Saturday, 2 July 2011


I don't know how prevalent they are in other fields, but physics seems to attract more than its fair share of crackpots. Either that, or I only notice because I'm doing physics. They are mostly harmless, but occasionally they write books and contaminate the minds of the unsuspecting public. (By the way, if you are a physicist or have somewhat of a physics background, check out the free chapter of that book. It's like a sort of physics slapstick comedy.)

I've had various experiences with crackpots over the years. On more than one occasion, ragged, disheveled looking people have wandered into the physics department desperate to talk to someone about their amazing theory that will surely solve some longstanding physics problem or solve the world's energy needs. In all cases, they have little to no physics background and a poor grasp of maths, and they are also very easy to spot from a distance.

I actually (hopefully) managed to discourage one such person. This guy said he had a background in surveying and complained about how current technology for imaging underground was not very good. It's based on blasting sound waves into the ground and then observing their reflections (they do something like this in Jurassic Park). He thought that a far superior method would be to use cosmic rays and that he just needed some help to get his idea off the ground.

Another sort of crackpot exists as well. This is your average person on the street who is not satisfied with (and nearly 100% of the time doesn't understand) a particular theory and comes up with their own. Of course, what they have is just an idea, not a theory as such. I really wouldn't care about this very much at all, but for some reason these people gravitate towards me in social situations. Here is an example of one such situation that took place at a party. I was sitting on the couch minding my own business, when a guy sat down next to me and started making conversation:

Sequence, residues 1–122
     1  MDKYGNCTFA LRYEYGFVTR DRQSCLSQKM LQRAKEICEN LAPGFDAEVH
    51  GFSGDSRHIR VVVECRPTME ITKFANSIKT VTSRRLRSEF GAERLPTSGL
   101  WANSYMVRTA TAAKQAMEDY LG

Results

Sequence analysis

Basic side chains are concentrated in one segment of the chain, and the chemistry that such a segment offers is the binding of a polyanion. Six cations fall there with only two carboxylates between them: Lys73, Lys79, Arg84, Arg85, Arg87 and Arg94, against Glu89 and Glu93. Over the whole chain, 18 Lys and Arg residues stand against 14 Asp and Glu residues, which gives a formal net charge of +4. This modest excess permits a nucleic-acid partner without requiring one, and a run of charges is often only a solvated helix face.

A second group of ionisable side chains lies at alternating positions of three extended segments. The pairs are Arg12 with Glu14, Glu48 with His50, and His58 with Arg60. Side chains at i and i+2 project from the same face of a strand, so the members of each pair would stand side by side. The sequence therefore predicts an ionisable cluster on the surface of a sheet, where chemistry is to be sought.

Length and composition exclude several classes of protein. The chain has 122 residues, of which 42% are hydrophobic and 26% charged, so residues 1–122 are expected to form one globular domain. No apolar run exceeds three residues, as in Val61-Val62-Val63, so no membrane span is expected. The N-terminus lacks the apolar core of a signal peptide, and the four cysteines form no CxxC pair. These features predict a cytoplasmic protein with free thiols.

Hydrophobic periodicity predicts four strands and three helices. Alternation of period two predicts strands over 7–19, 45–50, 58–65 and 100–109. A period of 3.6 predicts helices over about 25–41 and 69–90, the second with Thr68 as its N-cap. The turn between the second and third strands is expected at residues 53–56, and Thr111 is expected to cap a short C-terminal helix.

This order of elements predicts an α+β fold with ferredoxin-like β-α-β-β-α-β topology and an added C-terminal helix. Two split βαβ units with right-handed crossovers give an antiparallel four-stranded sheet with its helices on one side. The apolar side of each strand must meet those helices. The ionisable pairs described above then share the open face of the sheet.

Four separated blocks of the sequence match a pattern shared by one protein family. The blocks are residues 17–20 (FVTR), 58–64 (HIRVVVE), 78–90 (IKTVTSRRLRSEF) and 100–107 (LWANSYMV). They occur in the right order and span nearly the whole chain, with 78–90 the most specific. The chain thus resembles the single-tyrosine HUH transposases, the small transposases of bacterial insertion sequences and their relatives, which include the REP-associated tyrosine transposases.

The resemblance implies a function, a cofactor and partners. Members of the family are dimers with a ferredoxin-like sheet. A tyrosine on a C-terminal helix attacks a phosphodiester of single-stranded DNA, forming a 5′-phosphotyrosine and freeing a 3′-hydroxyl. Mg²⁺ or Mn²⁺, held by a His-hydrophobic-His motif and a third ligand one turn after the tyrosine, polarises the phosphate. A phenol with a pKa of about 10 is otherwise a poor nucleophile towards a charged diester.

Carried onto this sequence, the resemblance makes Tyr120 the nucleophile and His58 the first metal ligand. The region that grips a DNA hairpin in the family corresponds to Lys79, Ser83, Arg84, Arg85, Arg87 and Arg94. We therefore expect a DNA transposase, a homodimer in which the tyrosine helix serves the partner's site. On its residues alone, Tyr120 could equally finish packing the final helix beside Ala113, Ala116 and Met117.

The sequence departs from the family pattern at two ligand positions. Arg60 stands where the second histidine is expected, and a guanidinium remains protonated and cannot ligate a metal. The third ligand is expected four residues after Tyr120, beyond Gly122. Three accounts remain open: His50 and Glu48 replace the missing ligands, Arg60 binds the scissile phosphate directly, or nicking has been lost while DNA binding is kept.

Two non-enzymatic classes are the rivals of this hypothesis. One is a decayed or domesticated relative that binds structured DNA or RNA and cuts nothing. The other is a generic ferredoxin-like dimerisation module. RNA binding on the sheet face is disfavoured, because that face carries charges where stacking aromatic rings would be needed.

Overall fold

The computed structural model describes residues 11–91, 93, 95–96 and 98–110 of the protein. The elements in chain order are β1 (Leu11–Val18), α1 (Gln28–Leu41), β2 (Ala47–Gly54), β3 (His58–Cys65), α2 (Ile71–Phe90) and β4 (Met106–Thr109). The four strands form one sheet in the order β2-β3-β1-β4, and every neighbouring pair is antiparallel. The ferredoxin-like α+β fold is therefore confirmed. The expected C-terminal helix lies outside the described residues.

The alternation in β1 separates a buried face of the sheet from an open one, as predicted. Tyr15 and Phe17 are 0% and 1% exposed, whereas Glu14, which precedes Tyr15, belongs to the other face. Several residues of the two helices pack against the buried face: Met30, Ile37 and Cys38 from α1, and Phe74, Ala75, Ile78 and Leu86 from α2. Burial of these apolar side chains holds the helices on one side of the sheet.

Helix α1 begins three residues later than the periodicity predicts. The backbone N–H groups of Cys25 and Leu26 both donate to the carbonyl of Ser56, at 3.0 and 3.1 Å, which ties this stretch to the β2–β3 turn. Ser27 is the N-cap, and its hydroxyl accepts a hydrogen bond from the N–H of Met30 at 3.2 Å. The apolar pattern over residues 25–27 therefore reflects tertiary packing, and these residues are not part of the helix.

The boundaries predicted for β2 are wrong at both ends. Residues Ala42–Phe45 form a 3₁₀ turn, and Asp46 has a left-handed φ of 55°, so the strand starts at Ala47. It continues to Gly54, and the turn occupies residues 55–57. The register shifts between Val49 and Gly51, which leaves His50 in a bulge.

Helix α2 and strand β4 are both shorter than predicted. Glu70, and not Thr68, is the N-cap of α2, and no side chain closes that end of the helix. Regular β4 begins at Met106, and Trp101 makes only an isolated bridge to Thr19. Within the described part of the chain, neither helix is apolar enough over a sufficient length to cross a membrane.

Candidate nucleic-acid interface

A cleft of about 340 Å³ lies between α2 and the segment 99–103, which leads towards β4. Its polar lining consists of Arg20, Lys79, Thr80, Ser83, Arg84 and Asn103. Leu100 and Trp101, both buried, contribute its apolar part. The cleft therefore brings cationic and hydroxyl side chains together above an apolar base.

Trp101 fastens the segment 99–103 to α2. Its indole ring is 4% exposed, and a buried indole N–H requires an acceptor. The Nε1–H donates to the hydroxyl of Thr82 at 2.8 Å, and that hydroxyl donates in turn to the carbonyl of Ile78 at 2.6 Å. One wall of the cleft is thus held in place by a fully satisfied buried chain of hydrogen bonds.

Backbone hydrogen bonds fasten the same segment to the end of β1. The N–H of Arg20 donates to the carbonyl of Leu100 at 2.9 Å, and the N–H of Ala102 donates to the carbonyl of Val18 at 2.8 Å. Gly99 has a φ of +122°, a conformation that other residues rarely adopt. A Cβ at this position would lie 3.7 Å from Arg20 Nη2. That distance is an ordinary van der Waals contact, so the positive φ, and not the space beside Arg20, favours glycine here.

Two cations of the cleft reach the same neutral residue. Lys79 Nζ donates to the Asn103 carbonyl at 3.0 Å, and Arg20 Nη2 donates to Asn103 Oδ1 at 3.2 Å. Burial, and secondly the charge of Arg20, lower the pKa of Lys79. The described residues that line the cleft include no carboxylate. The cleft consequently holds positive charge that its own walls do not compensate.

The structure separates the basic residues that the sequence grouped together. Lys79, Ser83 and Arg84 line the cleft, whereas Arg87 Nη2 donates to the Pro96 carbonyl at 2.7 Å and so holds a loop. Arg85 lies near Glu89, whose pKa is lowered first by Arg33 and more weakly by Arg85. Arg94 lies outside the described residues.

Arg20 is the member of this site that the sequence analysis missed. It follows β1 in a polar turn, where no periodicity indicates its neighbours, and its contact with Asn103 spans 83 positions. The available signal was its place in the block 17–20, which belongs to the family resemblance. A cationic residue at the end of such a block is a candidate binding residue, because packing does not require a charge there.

Guy: Hi, I'm Bob. How do you know [Party Host]?
Me: Hi. We are students in the same department.
Guy: Oh! So you do physics too!
Me: Yeah.
Guy: Okay, so I have this theory about the universe... I think it's way better than [Standard Accepted Explanation]. Gee, I really like physics, but I never understood maths.

I actually can't remember what his theory was, though I can assure you that it was 100% crackpot. I was in panic mode at that stage, trying to figure out how to politely extract myself from the conversation. Luckily, he got distracted by someone else and went away. Phew. Unfortunately, the next guy who sat next to me proceeded to do exactly the same thing upon hearing that I do physics. I made some excuse, got up and went home. Enough was enough.

I'm told that a similar phenomenon exists in psychology, where people have a driving need to tell psychologists their "theories" about human behaviour. I'm curious about other fields, even non-science fields. Does anyone else have any experiences or funny stories about crackpots?

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